PlayStation 4 exclusive The Order: 1886 is the latest marquee video game with a story that could have come from your local cineplex.
Ready at Dawn’s third-person shooter presents itself as a movie — down to its letter-boxed presentation. Yet capturing its realistic character performances required an unconventional approach. To find out more about this process, I spoke with veteran actors Steve West and Alice Coulthard, along with creative director Ru Weerasuriya, who worked on The Order. They all gave me great insight on what it’s like to star in a game — that feels very much like a film.
“This game is … my first performance capture on this sort of grand scale,” West said. “Coming into this, over the last couple of years, it’s been a whole different world that I haven’t experienced to this sort of technical level.”
The Order was Coulthard’s first foray into gaming. “You definitely have to employ more imagination than you probably have to in any other kind of performance,” she said. “It’s all new for me. I’ve never done anything to do with computer games.”
The many skills of The Order
West, who played the grizzled protagonist Sir Galahad, and Coulthard, who portrayed the capable Lady Igraine, both have experience in theatre, film, and television. Those backgrounds helped them overcome the distinctive challenges that arise when acting for a game.
Weerasuriya casted the performers after noticing they had key traits that he wanted to see in the main heroes of his ambitious undertaking. “[West] has a way of delivering lines and the way he actually speaks — it seems like he’s … hiding something. … There’s something behind the facade. It was really cool to actually have Steve just speak.”
He continued, “For [Coulthard] it was very different I think. … She wasn’t hiding. This was who she was. … Everything she said was really about who she was. … She had little emotions in her face like little smirks, little eyebrow raises, and all that stuff that perfectly fit the character of [Igraine].”
Coulthard had to tap into her broad perspective for her role. “It’s kind of in between [screen acting and theatre acting]. You have to employ different skills that you’ve learned from all the other areas of performance that you’ve been involved in before,” she said. “You have to be far more physical. Your movements have to be much larger than they do onscreen in the way that theatre has to be. But then, you do have cameras on you, so you have to be aware of your space and where you’re facing. And your voice is obviously being recorded.”
Acting serious while looking ‘ridiculous’
With The Order’s heavy reliance on detailed, emotive characters, the title required an advanced system to capture its actors’ performances. Weerasuriya described the process. “We had some notion of how we were going to do motion capture, but we didn’t have a good pipeline in place because this was our first game to do it.” The new system Ready at Dawn developed was both standard and unique. “There were the traditional suits and systems that … Sony San Diego basically has set up in their facility. We used that system,” Weerasuriya said. “When we started doing facial capture, especially with the kind of facial capture and facial delivery that we wanted, we realized that we had to go a little further beyond what we had seen in the past.”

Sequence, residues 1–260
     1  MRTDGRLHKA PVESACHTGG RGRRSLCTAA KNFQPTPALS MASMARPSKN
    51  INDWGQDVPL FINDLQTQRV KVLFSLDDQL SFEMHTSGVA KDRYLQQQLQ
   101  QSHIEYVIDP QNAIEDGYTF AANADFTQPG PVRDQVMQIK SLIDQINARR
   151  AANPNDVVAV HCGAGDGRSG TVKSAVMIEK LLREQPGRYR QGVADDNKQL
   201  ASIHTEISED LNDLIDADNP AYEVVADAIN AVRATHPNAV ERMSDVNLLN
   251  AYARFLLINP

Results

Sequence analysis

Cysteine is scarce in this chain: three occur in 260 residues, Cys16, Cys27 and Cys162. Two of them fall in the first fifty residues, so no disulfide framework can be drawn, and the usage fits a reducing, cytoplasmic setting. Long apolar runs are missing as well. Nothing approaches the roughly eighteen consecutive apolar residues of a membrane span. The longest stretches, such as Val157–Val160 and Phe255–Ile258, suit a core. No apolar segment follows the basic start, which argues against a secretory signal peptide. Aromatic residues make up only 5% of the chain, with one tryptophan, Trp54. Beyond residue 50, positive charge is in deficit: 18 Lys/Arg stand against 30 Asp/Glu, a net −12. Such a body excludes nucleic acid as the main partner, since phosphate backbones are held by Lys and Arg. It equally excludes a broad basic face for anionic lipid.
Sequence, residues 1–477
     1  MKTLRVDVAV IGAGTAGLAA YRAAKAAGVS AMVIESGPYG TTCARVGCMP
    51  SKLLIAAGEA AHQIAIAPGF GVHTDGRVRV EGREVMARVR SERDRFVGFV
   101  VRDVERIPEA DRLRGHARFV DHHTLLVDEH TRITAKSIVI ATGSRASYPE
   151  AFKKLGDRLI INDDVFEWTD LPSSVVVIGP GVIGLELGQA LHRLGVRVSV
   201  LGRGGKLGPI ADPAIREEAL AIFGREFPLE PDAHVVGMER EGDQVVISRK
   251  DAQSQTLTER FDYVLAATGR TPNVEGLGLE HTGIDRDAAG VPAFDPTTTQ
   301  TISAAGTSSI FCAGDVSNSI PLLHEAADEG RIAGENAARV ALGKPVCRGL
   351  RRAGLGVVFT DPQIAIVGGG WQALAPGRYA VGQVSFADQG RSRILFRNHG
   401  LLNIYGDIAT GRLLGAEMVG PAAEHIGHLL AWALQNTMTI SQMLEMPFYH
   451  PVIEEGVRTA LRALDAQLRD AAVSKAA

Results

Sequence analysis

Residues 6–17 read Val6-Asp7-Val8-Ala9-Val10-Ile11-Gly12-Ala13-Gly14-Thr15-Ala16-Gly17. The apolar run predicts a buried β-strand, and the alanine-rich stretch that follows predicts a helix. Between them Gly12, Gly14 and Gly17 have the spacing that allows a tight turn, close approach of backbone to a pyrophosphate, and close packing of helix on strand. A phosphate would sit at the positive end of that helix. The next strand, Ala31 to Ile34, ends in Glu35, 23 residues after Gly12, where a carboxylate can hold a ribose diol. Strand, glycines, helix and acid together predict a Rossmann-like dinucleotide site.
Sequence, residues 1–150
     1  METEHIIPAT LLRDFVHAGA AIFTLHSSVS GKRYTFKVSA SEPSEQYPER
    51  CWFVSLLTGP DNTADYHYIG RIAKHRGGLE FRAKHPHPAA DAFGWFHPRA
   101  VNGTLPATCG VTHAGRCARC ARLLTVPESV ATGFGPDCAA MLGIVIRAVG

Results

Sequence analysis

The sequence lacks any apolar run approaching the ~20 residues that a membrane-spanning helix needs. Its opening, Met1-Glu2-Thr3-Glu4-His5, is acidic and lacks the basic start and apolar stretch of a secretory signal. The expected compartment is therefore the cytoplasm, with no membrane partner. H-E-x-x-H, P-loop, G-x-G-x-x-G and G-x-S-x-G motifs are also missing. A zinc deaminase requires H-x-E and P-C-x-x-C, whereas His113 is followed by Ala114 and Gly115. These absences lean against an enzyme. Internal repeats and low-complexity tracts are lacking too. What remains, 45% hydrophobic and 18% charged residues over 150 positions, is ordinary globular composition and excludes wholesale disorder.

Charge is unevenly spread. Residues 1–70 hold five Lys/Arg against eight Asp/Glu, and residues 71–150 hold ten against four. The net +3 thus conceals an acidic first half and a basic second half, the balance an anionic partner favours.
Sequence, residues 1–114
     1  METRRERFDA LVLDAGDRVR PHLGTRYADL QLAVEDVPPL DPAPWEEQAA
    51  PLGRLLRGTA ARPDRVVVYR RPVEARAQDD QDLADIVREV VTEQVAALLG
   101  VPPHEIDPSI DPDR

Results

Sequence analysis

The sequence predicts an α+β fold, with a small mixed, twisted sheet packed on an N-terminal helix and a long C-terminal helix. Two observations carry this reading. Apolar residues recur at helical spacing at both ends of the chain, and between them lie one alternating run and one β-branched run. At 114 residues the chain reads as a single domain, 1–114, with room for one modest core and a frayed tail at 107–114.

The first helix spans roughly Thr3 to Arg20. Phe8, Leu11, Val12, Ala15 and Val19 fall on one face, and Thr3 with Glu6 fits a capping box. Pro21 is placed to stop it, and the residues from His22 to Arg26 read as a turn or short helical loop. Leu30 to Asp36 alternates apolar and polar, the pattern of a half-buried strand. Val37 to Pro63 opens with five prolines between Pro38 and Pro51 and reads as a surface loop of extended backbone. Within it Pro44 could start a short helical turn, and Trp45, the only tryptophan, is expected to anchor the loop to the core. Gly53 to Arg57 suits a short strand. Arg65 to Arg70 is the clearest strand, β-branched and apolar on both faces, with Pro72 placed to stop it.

West highlighted the special gear he and Coulthard wore that gave developers the data they needed to recreate the scenes in the game. “Technically, what you wear — that whole suiting up aspect and the camera on your head with a mini-camera in your face with the lights — that’s alien to both of us,” he said.
Coulthard had her own take on the tech-heavy outfit. “There’s no calling a makeup artist over. … You’re wearing this ridiculous suit. And nobody looks good on those cameras because … of the way it captures your face, and you have green dots all over your face,” she said. “You have to let go of how you look.”
The actors didn’t just voice their parts. They acted out each moment in The Order’s dark, alternate-history plot, which contributed to the game’s convincing cinematic style.
“You’re running around, creating this world, which is totally reliant on you and the people that you’re performing with, and the direction, obviously,” Coulthard said.
Ready at Dawn could use the captured data to set scenes up in many different ways, requiring the acting talent to always be in character when shooting. “It was interesting to tell these actors that they could not drop their performances at any time during the scene,” Weerasuriya said. “Oftentimes when you’re on TV and on movie sets … if you’re not on shot … you might not have to really act outside of where you’re being framed. And I had to tell every actor, ‘You have to act all the time, everywhere.’”
He added, “They had to know that any given time, we might actually set up a camera that looks at their face, and therefore, they had no room for being out of their role.”
West elaborated, “There is no set. … It’s really a lot to do with you projecting that world on this big, vast empty sound stage.”
Unlike with typical TV or movie productions, West and Coulthard wore their capture suits during the entire shoot. “There’s nothing to fall back on. No costumes to get you into character or sets to remind you where you’re supposed to be,” Coulthard said. “You really have to let yourself go more imaginatively, which I really enjoyed.”